Gratz College graduated 110 students on May 6 during a ceremony in the Weisbein auditorium. The college’s 118th commencement included keynote speech from Dr. Wagner Marseille, superintendent of the Cheltenham School District. For the past nine months, the school district has partnered with Gratz College to explore ways to curb school violence before it starts.
Gratz also used the commencement to confer an honorary doctorate on Josey Fisher, director of the Gratz College Holocaust Oral History Archive and instructor in the Holocaust and Genocide Studies program. Alan Dershowitz, a renowned attorney and scholar, also received an honorary doctorate.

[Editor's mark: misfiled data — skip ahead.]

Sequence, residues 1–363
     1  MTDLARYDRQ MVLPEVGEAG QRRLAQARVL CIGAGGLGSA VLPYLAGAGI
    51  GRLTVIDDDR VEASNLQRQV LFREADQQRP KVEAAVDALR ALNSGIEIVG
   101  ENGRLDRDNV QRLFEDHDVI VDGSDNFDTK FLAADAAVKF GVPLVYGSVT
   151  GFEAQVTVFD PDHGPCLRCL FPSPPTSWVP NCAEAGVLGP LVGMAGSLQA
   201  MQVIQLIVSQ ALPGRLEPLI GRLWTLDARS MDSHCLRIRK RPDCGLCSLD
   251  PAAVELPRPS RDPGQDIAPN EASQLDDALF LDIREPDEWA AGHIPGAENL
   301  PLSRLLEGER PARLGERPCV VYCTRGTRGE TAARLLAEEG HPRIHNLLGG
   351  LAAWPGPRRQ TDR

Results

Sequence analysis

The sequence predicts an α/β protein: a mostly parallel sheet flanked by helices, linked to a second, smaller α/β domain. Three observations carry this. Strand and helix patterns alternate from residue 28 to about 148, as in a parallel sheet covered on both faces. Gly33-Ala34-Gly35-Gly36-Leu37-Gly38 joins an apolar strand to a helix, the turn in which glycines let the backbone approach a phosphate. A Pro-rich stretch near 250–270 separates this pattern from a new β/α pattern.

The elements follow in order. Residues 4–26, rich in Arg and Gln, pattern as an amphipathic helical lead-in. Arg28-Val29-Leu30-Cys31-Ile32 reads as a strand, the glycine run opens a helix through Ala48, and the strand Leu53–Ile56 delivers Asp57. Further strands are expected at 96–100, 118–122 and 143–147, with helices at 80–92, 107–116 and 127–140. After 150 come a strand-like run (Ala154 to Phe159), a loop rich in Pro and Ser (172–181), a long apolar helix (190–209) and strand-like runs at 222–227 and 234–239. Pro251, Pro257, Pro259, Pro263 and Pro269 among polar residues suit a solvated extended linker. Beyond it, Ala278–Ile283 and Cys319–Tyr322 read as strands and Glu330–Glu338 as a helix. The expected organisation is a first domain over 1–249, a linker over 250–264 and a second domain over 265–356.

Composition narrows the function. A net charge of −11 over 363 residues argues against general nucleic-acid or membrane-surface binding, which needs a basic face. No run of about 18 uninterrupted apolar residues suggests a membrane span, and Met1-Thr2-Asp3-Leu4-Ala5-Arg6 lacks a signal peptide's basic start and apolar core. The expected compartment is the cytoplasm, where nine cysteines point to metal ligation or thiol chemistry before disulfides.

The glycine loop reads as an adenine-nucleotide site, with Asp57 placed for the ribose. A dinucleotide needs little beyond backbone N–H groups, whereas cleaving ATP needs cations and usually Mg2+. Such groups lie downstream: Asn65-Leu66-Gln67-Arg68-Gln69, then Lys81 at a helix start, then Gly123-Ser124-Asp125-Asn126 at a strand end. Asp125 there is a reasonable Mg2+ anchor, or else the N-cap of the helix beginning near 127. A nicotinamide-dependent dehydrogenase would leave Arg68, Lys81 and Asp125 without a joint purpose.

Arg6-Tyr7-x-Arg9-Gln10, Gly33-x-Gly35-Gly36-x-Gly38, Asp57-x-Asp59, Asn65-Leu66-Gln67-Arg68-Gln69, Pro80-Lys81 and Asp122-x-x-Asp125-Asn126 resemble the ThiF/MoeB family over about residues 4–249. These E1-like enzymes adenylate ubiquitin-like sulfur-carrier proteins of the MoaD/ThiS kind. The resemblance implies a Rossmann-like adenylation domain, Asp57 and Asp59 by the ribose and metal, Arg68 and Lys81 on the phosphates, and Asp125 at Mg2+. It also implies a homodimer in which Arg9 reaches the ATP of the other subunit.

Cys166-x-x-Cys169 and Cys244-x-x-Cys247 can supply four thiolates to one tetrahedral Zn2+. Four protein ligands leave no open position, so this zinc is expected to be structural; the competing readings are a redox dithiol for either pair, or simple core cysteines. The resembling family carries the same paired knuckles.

During the commencement exercises, valedictorian Talli Dippold, who earned her master’s degree in Holocaust and Genocide Studies, reminded students that when one door of life closes, another one opens.
“For all of us here, a new gate has opened, and the timing could not be better because the world needs us,” she said. “I believe our task is to close the door on the darkness and hatred that exists in our world and open the door to the light of understanding through education. We must embrace everyone with empathy and work toward justice.”
In the two years since Dippold began studying at Gratz, the landscape of the world has changed, she said. The rhetoric of hate has increased dramatically.
“The forces of time and human nature have opened the door for those who wish to rewrite history,” she said. She urged her fellow graduates to “shed light on darkness and hate and open a door to peace and understanding.” ■